The Yin and Yang of Sales

Here’s a question for you—Which trait is more important for a sales professional to master, persistence or patience? Let’s put it another way, is it more important to have the drive to do whatever it takes and keep going, regardless of the roadblocks you face or is it more important to sense when it is time to take a step back, analyze the situation, and give the customer time to think?

The correct answer? Well, there is no correct answer. Sales is complex, and as contradictory as it may sound, these two traits often complement each other. Think of persistence and patience as the Yin and Yang of sales. The ancient Chinese philosophy of Yin and Yang describes how seemingly contrary forces are interdependent on one another. At first glance, the forces may seem like opposites, but if you take a closer look, you’ll realize that they are indeed connected.

I’d like to tell you a short story to delve a little deeper into this concept. When I first started in my sales career, I worked in the call center of a large telecom provider selling long distance phone plans. If you’re staring at the screen right now wondering, “what is long distance?”, there once was a time before the internet made Skype and VoiP calls a possibility and talk time was not simply included in your basic cell phone plan. So, instead of these services, consumers and businesses signed up with a company and paid for each call they made. My job was to get them to buy our long distance service. Long distance was a large and highly competitive industry with a high level of demand.

As is true today, when you call or follow-up with leads, I’d often end up with a voicemail or a gatekeeper. It often took many, many calls to get ahold of the person I was trying to reach. Of course, there were performance metrics to fulfill by reaching a certain number of outbound calls, total talk time as well as converting x number of leads per day. And to be honest, it was long, tedious work, often with little reward. But I stuck to it. I became better over time introducing myself, delivering my elevator pitch, and I finally became pretty good at selling the benefits of our solution. Those customers that didn’t bite at first become a challenge I gladly embraced.

To make a long story short – I learned to be persistent and grow a thick skin. I made dial after dial without making any assumption about if or why this lead would refuse my call. I got creative. I dialed at different times of the day to try to reach someone. And what’s most important is that I never gave up. I never doubted my abilities to reach my goals, even when faced with constant negativity and a less than stellar work environment.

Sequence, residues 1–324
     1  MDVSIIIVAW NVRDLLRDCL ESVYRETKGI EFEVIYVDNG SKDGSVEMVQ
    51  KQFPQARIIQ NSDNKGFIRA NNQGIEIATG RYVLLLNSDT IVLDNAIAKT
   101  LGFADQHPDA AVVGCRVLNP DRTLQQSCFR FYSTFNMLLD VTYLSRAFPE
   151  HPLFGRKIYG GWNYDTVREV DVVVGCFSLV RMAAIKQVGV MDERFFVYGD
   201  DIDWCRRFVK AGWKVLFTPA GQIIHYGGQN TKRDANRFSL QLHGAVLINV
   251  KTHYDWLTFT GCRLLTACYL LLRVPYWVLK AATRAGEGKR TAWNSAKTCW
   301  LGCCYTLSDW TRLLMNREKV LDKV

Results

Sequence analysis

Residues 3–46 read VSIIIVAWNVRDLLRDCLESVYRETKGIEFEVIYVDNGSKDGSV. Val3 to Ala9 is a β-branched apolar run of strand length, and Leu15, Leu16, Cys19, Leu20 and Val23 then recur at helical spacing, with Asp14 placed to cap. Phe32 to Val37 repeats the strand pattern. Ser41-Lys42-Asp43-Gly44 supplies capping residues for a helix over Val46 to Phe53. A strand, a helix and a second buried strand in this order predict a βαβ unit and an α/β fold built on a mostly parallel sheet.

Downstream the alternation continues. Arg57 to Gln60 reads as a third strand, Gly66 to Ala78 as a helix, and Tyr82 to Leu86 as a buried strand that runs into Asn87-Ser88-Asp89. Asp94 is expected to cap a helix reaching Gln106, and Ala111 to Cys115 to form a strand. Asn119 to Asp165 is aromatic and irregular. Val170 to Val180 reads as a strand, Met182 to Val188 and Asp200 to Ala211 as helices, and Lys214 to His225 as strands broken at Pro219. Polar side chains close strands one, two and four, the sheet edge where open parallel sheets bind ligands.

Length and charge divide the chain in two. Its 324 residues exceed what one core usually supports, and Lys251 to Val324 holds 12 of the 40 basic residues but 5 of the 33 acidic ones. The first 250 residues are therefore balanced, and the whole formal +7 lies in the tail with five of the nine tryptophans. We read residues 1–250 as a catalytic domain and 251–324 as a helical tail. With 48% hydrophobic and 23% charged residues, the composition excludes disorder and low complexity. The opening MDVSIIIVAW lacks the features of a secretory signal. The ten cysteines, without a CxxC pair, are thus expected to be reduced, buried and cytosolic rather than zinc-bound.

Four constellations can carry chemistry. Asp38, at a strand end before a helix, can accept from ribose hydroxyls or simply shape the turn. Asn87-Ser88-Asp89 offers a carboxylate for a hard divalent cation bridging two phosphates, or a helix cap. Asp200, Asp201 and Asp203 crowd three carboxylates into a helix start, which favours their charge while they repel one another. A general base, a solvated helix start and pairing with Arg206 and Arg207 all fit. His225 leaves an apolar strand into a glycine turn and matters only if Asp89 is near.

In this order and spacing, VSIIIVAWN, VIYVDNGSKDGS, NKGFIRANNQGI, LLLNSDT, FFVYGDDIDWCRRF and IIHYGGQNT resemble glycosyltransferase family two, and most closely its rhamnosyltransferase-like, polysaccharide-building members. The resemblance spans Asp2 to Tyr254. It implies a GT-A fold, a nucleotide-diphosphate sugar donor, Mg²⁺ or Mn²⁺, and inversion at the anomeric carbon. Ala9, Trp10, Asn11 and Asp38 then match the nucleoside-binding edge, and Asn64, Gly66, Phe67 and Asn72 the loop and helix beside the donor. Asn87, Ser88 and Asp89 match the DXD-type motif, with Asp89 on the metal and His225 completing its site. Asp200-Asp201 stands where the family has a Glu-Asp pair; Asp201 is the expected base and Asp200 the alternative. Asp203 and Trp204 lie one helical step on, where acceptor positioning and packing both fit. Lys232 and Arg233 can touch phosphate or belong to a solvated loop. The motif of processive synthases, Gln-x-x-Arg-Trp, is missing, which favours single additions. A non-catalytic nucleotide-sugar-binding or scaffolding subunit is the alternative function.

But do you know what else I learned? I mastered the art of patience. I discovered that it often takes several attempts to finally connect with a lead, and most importantly I learned that this patience pays off. To truly excel at a task, you must exercise patience. Many of my colleagues were unsuccessful in their call center position because they lacked both persistence and patience. Instead, they fabricated excuse after excuse as to why they failed to meet their quotas. Before long, these individuals were leaving their position looking for something new. Had they taken the time to work on their elevator pitch, presentation, rapport building skills, and take a step back to analyze the true cause of their struggles, they likely would have succeeded.

Persistence and patience are equally important in the sales cycle. We need persistence to avoid stalling an otherwise healthy, open opportunity. We need persistence to keep the momentum going and drive our opportunities to a close. But, at the same time, we need to have patience. Finding the balance is critical. Sales professionals can’t just bully the customer into making decisions. We need to have the patience to invest time in the discovery process to truly understand what challenges our customers face. We need to have patience to put together a tailored presentation that will address their problems rather than using a canned deck of PowerPoint slides. And above all, we will need to have the patience to deal with unforeseen roadblocks that will undoubtedly pop up along the way. If you can find the balance, the Yin to the Yang, success can be yours for the taking.